The Invention of the Concentration Camp: Cuba, Southern Africa, and the Philippines, 1896–1907

TitleThe Invention of the Concentration Camp: Cuba, Southern Africa, and the Philippines, 1896–1907
Publication TypeJournal Article
Year of Publication2011
AuthorsHyslop, Jonathan
JournalSouth African Historical Journey
Volume63
Issue2
Start Page251
Pagination251-276
Date Published06/2011
Abstract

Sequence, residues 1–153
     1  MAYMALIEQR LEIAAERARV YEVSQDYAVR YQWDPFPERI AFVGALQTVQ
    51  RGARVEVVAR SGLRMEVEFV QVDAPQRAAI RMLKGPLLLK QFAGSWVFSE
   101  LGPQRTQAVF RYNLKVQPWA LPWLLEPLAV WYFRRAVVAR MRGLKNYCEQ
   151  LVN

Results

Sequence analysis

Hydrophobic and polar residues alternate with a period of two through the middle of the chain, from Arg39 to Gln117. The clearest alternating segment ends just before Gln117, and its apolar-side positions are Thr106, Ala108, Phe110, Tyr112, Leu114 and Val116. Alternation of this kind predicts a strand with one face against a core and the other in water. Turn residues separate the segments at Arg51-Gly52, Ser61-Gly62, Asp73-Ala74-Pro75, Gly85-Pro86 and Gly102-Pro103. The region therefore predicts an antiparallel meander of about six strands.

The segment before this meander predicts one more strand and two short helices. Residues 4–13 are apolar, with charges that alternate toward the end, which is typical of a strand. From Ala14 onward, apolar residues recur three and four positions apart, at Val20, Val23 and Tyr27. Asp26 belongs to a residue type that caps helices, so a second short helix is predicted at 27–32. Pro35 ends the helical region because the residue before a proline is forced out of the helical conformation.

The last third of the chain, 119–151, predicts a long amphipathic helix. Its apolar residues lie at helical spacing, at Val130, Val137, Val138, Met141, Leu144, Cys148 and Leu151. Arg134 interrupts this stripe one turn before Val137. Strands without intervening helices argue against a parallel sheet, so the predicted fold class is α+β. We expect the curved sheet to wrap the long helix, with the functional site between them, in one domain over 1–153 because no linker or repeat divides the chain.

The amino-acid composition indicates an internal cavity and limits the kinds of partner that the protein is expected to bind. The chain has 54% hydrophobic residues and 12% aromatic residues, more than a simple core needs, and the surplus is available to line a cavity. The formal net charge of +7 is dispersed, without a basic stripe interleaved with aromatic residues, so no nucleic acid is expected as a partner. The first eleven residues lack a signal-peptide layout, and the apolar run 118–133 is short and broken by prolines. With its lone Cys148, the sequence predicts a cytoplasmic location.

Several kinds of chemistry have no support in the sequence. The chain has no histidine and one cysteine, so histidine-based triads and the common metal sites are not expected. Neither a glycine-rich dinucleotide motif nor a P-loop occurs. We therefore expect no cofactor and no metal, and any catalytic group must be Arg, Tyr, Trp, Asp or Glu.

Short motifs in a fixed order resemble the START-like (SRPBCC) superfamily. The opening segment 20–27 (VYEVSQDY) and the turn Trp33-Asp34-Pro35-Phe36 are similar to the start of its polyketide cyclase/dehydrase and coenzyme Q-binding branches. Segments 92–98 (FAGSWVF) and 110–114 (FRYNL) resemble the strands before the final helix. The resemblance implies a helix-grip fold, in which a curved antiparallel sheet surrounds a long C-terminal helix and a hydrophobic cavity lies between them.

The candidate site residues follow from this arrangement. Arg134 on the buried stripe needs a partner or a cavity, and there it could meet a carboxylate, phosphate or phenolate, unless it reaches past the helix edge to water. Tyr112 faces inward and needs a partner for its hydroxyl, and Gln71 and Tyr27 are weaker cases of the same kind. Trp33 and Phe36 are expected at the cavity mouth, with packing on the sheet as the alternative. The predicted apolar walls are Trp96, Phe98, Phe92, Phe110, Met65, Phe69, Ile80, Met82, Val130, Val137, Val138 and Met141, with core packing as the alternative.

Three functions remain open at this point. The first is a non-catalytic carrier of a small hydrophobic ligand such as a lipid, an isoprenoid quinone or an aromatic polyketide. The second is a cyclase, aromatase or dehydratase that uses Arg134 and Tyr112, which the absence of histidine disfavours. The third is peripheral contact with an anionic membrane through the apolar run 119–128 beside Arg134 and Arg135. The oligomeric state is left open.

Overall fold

This article contends that new cultures of military professionalism were crucial to the emergence of the concentration camp as a social phenomenon in the late 1890s and the first decade of the twentieth century. It uses an analysis of the interaction between professional military culture and the process of war-fighting to provide a better understanding of the origins of the camp. Military professionalism, despite important national differences, took instrumental rationality as a core value. This produced a willingness by soldiers to take responsibility for organizing civilian populations on a macro-social scale. In each of four case studies, clearing the population from the rural areas in a ‘scorched earth’ response to guerilla activity led to the development of the camps. The article argues that this approach has more explanatory adequacy than those based on theories of genocide, biopower, exceptional states, racial ideology, or rational choice. The paper suggests that a major way in which the camps of 1896–1907 were linked to mid 20th century camps was through a global diffusion of the concept, via new forms of print media. (WorldCat)

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